When the wind blows hard enough, at approximately 15 miles-per-hour, Titan’s non-silicate granules get kicked up and start to hop in a motion referred to as saltation.

As they collide, they become frictionally charged, like a balloon rubbing against your hair, and clump together in a way not observed for sand dune grains on Earth.

In short, they become resistant to further motion. They maintain that charge for days or months at a time and attach to other hydrocarbon substances, much like packing peanuts used in shipping boxes here on Earth.

The findings have just been published in the journal “Nature Geoscience.”

“If you grabbed piles of grains and built a sand castle on Titan, it would perhaps stay together for weeks due to their electrostatic properties,” said Josef Dufek, the Georgia Tech professor who co-led the study. “Any spacecraft that lands in regions of granular material on Titan is going to have a tough time staying clean. Think of putting a cat in a box of packing peanuts.”

The electrification findings may help explain an odd phenomenon. Prevailing winds on Titan blow from east to west across the moon’s surface, but sandy dunes nearly 300 feet tall seem to form in the opposite direction.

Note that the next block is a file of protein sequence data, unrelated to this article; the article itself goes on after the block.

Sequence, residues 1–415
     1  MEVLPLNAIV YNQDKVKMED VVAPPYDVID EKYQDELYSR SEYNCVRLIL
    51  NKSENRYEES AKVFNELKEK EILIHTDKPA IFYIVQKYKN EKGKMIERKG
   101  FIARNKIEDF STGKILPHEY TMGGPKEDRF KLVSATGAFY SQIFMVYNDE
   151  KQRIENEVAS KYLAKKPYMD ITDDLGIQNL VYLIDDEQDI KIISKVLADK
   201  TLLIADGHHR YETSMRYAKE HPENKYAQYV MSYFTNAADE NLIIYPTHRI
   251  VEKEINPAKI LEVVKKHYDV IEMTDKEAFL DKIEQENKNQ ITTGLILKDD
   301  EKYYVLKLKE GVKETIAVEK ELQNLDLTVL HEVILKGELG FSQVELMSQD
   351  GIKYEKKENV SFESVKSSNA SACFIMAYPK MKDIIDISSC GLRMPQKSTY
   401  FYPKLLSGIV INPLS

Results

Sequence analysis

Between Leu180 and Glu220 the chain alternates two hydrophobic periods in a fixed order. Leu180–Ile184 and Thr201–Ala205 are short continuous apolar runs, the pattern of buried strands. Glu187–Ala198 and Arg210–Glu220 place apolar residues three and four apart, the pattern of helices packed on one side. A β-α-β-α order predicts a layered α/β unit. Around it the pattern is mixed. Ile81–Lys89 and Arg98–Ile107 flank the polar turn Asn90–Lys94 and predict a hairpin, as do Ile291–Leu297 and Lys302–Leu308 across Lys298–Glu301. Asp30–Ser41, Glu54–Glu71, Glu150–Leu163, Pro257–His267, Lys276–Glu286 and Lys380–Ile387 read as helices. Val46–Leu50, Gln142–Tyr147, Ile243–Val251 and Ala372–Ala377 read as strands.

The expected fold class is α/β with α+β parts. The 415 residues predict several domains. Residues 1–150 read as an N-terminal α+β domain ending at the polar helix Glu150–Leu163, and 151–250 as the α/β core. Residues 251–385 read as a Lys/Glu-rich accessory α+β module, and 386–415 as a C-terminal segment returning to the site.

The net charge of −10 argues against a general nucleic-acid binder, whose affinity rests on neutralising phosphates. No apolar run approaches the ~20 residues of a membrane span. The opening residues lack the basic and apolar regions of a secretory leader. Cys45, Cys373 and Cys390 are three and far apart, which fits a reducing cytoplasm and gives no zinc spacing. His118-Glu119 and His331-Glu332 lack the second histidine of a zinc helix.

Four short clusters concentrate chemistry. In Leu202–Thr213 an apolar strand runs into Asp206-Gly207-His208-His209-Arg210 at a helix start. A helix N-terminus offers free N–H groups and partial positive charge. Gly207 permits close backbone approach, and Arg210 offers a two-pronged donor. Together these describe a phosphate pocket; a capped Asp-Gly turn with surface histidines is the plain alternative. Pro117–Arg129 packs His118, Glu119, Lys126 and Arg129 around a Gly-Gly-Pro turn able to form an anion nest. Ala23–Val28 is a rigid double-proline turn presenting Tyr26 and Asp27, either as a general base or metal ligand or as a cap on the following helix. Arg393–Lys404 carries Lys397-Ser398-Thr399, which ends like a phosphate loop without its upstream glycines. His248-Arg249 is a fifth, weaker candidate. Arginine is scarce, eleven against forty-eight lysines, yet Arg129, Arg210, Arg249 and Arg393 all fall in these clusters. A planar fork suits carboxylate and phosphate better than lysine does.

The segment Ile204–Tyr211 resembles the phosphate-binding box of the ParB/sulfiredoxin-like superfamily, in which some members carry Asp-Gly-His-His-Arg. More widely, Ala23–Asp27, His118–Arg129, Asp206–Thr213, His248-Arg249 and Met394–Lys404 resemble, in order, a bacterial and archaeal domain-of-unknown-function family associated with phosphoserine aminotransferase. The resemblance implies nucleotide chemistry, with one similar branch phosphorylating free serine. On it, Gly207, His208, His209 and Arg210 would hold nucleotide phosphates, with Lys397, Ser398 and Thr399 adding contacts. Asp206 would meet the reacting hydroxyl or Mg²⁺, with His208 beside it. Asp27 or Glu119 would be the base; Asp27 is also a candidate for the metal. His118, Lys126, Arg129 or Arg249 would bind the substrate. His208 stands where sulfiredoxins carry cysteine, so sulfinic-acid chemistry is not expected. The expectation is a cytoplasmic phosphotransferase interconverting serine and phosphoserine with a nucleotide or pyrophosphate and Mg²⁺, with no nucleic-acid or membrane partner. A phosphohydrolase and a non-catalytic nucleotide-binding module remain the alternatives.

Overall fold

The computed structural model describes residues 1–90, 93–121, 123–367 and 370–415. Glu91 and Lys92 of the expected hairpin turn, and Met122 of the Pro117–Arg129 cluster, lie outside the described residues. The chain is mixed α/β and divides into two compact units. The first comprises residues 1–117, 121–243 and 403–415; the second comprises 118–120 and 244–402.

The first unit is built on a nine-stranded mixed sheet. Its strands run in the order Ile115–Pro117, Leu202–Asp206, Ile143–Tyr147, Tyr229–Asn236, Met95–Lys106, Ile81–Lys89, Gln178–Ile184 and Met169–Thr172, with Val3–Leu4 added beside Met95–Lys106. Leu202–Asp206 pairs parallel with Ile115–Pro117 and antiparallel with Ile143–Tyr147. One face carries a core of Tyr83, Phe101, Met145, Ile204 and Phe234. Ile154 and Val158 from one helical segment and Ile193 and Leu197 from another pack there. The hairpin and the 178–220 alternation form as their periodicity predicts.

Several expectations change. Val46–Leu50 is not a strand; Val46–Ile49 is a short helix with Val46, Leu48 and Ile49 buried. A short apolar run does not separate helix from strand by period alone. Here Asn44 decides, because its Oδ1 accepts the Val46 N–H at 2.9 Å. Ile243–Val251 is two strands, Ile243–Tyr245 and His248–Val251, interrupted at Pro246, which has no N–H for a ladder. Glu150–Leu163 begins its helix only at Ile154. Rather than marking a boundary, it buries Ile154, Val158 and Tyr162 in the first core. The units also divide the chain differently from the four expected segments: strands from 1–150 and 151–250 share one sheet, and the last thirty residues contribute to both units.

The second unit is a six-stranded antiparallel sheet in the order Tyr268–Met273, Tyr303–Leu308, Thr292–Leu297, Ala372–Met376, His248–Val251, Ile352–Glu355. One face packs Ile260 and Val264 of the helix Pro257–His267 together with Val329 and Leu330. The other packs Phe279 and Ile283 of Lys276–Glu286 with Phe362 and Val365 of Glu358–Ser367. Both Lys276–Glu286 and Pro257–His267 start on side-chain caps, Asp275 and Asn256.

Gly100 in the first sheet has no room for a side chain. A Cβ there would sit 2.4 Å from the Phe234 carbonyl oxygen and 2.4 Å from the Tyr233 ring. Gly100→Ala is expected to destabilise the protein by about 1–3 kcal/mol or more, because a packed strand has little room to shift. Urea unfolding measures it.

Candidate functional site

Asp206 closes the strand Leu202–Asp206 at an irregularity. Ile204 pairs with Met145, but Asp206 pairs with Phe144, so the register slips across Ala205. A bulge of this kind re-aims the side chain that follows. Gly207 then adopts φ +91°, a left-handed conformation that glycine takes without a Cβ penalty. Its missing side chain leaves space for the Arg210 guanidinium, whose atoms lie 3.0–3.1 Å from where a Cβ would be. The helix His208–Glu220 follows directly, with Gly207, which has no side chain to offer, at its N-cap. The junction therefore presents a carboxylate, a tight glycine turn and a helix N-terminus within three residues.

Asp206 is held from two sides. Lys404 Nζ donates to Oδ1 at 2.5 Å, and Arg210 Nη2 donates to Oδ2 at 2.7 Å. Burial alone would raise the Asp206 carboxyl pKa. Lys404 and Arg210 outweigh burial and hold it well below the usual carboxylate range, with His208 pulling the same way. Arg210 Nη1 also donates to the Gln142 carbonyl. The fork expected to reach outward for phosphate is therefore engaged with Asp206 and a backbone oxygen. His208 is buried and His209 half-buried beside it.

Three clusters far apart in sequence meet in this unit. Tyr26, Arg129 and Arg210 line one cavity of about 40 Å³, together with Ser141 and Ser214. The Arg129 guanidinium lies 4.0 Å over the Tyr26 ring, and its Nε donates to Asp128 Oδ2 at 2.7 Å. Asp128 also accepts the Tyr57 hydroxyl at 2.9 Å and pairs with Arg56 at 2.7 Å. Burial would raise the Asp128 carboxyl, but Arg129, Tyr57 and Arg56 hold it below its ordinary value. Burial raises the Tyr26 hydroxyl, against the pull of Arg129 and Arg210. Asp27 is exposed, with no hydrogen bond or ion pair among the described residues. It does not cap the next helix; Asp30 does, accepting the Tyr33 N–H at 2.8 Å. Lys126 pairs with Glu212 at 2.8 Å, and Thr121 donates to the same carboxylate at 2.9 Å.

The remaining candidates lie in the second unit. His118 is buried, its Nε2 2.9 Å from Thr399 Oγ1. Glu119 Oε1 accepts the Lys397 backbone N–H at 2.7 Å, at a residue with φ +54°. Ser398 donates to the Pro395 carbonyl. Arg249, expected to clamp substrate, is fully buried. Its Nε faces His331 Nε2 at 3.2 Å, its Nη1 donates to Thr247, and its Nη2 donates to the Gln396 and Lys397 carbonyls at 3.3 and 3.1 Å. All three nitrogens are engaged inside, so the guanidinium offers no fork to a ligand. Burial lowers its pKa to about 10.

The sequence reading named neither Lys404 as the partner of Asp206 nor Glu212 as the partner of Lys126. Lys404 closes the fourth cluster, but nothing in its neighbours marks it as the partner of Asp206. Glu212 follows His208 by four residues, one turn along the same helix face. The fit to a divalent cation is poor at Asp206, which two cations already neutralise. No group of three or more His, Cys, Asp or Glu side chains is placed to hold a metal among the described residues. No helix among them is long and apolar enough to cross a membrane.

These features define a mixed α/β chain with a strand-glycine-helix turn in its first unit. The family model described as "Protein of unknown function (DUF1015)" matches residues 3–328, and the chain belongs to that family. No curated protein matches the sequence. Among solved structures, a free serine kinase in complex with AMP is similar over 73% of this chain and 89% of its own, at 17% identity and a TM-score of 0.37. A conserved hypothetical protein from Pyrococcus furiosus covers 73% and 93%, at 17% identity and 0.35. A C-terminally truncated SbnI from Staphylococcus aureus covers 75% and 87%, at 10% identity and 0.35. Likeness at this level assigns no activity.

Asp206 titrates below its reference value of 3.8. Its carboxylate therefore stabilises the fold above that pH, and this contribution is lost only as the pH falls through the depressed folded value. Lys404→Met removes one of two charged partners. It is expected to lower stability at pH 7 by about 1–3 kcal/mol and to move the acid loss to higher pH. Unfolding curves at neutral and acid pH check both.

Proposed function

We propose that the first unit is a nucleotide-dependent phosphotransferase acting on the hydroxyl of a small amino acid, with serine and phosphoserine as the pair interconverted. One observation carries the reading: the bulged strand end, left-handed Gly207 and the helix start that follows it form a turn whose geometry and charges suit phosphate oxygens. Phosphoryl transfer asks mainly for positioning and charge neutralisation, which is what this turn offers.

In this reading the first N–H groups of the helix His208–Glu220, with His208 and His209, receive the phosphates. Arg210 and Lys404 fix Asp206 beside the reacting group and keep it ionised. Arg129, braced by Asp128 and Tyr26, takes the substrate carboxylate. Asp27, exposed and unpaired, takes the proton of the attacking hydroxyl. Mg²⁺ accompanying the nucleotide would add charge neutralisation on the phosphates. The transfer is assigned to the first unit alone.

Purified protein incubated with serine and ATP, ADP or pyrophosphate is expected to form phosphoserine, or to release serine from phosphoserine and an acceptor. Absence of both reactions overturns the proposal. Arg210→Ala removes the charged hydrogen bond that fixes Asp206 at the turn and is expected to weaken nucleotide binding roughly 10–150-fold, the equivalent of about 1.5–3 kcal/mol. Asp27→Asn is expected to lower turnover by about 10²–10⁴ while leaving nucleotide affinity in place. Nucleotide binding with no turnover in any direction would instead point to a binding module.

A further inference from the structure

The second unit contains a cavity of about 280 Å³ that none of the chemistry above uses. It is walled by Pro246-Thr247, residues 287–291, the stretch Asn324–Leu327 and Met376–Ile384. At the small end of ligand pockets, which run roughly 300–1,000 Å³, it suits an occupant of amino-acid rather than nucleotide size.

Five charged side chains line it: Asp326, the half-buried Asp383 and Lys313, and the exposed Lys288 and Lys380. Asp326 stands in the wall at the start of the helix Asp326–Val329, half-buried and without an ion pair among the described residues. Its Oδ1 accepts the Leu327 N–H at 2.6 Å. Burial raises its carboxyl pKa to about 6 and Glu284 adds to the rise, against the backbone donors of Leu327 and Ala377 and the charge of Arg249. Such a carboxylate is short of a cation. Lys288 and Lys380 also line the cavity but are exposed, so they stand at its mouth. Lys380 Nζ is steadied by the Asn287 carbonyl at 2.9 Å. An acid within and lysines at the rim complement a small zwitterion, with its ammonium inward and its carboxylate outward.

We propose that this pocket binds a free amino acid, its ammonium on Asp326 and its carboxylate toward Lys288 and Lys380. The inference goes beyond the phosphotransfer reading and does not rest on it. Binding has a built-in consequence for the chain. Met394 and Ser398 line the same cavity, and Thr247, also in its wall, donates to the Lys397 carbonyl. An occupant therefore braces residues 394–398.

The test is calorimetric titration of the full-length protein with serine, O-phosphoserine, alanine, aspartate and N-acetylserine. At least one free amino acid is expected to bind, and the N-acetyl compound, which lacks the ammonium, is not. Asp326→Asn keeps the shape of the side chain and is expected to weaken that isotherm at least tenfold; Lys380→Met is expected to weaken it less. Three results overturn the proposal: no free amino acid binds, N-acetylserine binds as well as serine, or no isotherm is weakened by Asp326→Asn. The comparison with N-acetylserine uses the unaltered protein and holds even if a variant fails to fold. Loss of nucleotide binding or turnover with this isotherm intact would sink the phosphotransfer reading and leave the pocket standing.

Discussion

“These electrostatic forces increase frictional thresholds,” said Josh Méndez Harper, a Georgia Tech geophysics and electrical engineering doctoral student who is the paper’s lead author. “This makes the grains so sticky and cohesive that only heavy winds can move them. The prevailing winds aren’t strong enough to shape the dunes.”

To test particle flow under Titan-like conditions, the researchers built a small experiment in a modified pressure vessel in their Georgia Tech lab. They inserted grains of naphthalene and biphenyl, which are two toxic, carbon and hydrogen bearing compounds believed to exist on Titan’s surface, into a small cylinder.

Then they rotated the tube for 20 minutes in a dry, pure nitrogen environment to mimic Titan’s atmosphere that is 98 percent nitrogen. Afterwards, they measured the electric properties of each grain as it tumbled out of the tube.

“All of the particles charged well, and about 2 to 5 percent didn’t come out of the tumbler,” said Méndez Harper. “They clung to the inside and stuck together. When we did the same experiment with sand and volcanic ash using Earth-like conditions, all of it came out. Nothing stuck.”
NASA satellite image
Infrared view of Titan from the Cassini spacecraft on 2015

Earth sand does pick up electrical charge when it’s moved, but the charges are smaller and dissipate quickly. That’s one reason why you need water to keep sand together when building a sand castle. Not so with Titan.